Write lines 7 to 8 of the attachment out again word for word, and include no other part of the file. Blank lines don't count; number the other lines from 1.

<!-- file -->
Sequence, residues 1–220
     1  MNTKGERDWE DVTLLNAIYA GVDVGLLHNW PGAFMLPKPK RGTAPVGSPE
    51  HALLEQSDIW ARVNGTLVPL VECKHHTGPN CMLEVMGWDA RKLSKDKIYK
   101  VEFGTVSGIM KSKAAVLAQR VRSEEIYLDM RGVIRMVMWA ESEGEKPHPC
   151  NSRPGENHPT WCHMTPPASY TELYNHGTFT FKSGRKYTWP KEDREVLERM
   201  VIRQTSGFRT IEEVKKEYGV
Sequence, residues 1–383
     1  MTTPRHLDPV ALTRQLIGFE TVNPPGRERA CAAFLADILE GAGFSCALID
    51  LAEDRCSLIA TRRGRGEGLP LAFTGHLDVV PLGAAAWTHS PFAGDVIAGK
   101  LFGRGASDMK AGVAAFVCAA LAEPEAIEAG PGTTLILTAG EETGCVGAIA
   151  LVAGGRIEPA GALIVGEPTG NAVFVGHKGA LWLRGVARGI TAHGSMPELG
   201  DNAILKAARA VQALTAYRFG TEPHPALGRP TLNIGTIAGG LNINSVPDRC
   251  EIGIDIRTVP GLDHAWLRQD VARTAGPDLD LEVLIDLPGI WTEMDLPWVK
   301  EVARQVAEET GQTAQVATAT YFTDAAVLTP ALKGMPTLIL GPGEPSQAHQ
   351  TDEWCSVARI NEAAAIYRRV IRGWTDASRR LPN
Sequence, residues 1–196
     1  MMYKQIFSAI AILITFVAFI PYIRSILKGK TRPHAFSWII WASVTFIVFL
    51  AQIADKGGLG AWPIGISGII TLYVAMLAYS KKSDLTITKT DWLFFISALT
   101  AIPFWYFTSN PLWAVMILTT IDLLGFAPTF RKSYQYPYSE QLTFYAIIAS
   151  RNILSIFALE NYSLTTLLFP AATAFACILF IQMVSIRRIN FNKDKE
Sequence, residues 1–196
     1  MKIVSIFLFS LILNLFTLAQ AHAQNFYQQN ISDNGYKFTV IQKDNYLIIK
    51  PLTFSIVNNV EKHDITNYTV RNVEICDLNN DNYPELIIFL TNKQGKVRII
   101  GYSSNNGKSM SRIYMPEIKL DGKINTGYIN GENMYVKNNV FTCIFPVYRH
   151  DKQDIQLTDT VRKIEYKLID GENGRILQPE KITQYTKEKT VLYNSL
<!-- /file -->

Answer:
Sequence, residues 1–383
     1  MTTPRHLDPV ALTRQLIGFE TVNPPGRERA CAAFLADILE GAGFSCALID